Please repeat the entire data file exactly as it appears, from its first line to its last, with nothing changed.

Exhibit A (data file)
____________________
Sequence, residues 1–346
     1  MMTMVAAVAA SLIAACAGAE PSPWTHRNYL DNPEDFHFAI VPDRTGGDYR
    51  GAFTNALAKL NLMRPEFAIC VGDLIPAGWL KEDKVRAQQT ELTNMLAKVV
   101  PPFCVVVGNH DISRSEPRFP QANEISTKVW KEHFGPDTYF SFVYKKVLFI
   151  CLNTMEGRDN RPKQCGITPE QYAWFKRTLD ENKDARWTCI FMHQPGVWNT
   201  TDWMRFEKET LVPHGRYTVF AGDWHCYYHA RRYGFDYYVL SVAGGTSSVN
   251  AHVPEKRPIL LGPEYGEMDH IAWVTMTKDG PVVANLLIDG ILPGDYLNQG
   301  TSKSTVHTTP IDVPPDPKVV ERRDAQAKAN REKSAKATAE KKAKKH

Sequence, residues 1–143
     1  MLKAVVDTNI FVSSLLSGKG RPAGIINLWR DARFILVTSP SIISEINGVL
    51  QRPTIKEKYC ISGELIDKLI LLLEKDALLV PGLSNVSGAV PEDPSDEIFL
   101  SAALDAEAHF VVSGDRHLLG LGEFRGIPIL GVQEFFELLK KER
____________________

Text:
Sequence, residues 1–346
     1  MMTMVAAVAA SLIAACAGAE PSPWTHRNYL DNPEDFHFAI VPDRTGGDYR
    51  GAFTNALAKL NLMRPEFAIC VGDLIPAGWL KEDKVRAQQT ELTNMLAKVV
   101  PPFCVVVGNH DISRSEPRFP QANEISTKVW KEHFGPDTYF SFVYKKVLFI
   151  CLNTMEGRDN RPKQCGITPE QYAWFKRTLD ENKDARWTCI FMHQPGVWNT
   201  TDWMRFEKET LVPHGRYTVF AGDWHCYYHA RRYGFDYYVL SVAGGTSSVN
   251  AHVPEKRPIL LGPEYGEMDH IAWVTMTKDG PVVANLLIDG ILPGDYLNQG
   301  TSKSTVHTTP IDVPPDPKVV ERRDAQAKAN REKSAKATAE KKAKKH

Sequence, residues 1–143
     1  MLKAVVDTNI FVSSLLSGKG RPAGIINLWR DARFILVTSP SIISEINGVL
    51  QRPTIKEKYC ISGELIDKLI LLLEKDALLV PGLSNVSGAV PEDPSDEIFL
   101  SAALDAEAHF VVSGDRHLLG LGEFRGIPIL GVQEFFELLK KER